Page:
Social Security Benefits

Authored By: Social Security Administration (SSA)


What Is Social Security?

Social Security is an insurance program funded by payroll taxes paid by workers and employers. The program provides benefits to retired workers, the unemployed, and disabled workers. It also provides survivor benefits to families of deceased workers. 

The Social Security and Supplemental Security Income disability programs are the largest of several Federal programs that provide assistance to people with disabilities. While these two programs are different in many ways, both are administered by the Social Security Administration and only individuals who have a disability and meet medical criteria may qualify for benefits under either program.

Social Security Disability Insurance (SSDI) pays financial benefits to individuals who are not able to work due to a disability. To be eligible for SSDI, individuals must have earned enough credits through their employment and/or self-employment in order to qualify. The amount of benefits that an individual gets is based on a formula that takes into account their average lifetime earnings. 

Supplemental Security Income pays benefits as a basic monthly income to seniors, blind, and disabled individuals who have limited income and resources. SSI is available to both U.S. citizens and non-citizens who meet the eligibility criteria. The amount of money a person gets is based on their financial need and other factors. 

SSI is not the same as SSDI. SSDI is a separate program that provides monthly benefits to individuals who have worked and paid taxes into the Social Security Program. 

Both SSI and SSDI use the same definition of disability. Learn more about Social Security's definition of disability. Sometimes the SSA will need updated information about your condition. You may receive a Disability Update Report (SSA-455).  This form can now be completed online.

Use the Benefits Eligibility Screening Tool to find out which programs may be able to pay you benefits.

Who Is Eligible?

Social Security pays retirement benefits to workers who have reached their full retirement age and have paid enough into the system to be insured. The benefits are designed to provide financial security and stability to retired workers. When you work you pay taxes into Social Security. The tax money is used to pay benefits to people who are already retired. Higher lifetime earnings result in higher benefits. Your benefit payment is based on how much you earned during your working career. You can get Social Security retirement benefits as early as age 62 or at your full retirement age of 67. If you retire early your benefits may get reduced for your lifetime. This means that your earnings probably mean a lower Social Security benefit when you retire.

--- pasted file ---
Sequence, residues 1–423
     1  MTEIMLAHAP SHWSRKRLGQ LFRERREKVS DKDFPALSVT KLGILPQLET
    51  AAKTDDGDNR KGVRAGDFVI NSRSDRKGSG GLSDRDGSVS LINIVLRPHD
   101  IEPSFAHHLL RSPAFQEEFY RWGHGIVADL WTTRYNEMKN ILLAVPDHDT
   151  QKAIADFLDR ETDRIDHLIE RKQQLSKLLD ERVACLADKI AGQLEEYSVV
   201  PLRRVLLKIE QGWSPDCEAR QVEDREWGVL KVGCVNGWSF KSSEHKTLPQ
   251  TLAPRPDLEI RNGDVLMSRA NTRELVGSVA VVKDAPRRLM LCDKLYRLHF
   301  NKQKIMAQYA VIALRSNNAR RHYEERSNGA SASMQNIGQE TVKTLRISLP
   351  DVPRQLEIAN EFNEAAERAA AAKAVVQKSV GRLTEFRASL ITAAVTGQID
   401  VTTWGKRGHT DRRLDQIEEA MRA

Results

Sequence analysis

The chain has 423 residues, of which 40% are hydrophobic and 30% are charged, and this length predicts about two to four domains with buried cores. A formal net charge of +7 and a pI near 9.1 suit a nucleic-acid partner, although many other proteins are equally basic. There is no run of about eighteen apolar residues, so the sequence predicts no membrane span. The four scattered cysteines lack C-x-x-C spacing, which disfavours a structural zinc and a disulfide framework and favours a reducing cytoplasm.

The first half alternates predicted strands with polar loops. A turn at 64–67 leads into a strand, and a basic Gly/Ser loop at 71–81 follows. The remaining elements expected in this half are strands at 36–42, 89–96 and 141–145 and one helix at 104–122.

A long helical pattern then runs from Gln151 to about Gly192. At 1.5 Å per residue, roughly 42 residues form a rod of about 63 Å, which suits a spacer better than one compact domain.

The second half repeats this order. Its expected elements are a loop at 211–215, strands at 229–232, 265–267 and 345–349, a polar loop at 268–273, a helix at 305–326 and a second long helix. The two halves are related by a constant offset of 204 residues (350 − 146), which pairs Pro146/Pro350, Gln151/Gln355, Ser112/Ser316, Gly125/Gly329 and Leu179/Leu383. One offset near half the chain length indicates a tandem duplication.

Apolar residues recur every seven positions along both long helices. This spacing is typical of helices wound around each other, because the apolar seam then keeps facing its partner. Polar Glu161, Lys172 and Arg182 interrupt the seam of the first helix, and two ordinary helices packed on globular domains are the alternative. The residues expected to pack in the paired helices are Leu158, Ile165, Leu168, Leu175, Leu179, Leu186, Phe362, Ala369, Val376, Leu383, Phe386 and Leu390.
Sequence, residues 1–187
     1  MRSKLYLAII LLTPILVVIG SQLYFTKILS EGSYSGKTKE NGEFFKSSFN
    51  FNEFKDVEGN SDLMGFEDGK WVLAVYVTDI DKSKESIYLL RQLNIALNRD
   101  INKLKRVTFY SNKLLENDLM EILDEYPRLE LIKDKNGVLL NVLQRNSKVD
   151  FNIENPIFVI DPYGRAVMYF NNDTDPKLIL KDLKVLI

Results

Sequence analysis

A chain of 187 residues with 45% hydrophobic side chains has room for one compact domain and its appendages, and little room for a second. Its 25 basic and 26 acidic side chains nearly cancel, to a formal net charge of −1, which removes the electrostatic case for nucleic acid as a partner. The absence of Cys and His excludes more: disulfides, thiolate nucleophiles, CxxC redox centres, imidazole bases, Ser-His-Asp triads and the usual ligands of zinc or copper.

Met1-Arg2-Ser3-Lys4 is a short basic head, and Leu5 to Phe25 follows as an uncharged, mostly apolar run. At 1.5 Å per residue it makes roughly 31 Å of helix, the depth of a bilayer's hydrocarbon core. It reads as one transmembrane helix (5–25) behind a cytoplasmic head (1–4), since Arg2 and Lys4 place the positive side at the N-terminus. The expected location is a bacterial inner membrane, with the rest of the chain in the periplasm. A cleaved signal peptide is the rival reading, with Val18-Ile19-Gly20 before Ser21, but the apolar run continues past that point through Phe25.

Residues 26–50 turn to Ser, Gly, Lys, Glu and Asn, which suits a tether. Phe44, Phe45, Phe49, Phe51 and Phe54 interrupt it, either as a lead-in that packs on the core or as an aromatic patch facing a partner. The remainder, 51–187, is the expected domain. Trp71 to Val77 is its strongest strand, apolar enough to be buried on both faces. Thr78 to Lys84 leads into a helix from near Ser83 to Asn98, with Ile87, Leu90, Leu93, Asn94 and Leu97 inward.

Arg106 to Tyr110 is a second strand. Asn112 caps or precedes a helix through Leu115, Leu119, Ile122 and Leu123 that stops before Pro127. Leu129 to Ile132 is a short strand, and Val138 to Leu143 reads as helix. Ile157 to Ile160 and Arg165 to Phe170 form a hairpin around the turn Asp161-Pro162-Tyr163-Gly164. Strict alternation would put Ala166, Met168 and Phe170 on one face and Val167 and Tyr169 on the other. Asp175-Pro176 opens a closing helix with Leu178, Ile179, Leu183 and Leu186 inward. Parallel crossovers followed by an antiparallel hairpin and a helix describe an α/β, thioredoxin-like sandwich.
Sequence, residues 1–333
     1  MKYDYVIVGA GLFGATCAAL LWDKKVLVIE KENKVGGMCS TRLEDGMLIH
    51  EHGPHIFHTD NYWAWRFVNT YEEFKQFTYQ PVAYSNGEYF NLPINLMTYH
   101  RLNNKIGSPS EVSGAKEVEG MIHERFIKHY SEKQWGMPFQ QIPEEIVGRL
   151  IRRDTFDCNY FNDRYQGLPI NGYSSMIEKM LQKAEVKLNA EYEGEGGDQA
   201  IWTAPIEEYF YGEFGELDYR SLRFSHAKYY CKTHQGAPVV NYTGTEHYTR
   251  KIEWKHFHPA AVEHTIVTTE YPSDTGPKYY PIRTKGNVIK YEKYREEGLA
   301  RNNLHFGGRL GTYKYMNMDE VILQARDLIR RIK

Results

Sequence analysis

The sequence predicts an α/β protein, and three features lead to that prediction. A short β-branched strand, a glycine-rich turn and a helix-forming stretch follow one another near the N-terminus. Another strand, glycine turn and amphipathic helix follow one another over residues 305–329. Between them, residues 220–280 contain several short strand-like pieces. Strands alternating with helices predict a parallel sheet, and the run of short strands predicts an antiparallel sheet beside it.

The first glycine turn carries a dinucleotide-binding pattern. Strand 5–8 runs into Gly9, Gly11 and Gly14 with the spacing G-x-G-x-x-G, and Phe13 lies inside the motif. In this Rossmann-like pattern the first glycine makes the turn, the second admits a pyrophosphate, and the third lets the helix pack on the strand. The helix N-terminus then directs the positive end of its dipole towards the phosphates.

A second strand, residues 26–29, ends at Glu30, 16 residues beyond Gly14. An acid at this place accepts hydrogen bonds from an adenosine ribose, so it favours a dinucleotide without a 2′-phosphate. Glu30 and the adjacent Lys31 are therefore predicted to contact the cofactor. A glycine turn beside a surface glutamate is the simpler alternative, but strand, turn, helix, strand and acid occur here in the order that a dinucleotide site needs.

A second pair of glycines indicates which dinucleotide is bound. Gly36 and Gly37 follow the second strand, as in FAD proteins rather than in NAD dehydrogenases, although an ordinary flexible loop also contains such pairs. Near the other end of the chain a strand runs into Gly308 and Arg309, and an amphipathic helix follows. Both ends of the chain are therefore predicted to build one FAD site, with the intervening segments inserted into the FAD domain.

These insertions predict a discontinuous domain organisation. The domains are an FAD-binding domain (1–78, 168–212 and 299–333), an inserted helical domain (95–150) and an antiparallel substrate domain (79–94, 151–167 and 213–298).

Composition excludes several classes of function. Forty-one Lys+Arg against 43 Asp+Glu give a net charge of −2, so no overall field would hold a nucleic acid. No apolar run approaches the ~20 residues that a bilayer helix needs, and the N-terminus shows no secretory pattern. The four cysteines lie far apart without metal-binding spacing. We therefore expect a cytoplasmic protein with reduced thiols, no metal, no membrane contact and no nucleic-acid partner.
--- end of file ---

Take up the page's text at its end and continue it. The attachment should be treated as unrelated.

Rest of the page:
In certain situations, you may also qualify to receive benefits under the record of your spouse, parent, grandparent, or your child. There are several rules surrounding these benefits; you should contact Social Security to see if you are eligible and determine if you would benefit more through one of these versus benefits on your work record.

Sometimes health problems or other situations arise where you may retire early. If you can't work because of health problems you may consider applying for Social Security disability benefits. If you're getting Social Security disability benefits when you reach full retirement age, then SSA converts these benefits to retirement benefits. 

For more information visit An Overview Of Retirement Benefits

Social Security pays survivor’s benefits to certain dependents of deceased workers who paid into Social Security. These benefits provide financial support to help survivors of the deceased maintain their standard of living and financial security.The deceased person must have worked long enough in jobs insured under Social Security to qualify for benefits. If you are a survivor of a deceased worker, you are eligible to receive benefits if the worker was insured for benefits at the time of his or her death and you are:

  1. A deceased worker’s spouse, age 60 or older, or between the ages of 50 and 60 and disabled
  2. A deceased worker’s spouse taking care of the deceased worker’s child, and the child is under 16 or disabled
  3. An unmarried child of a deceased worker who is under the age of 18 (19, if a full-time student in elementary or secondary school)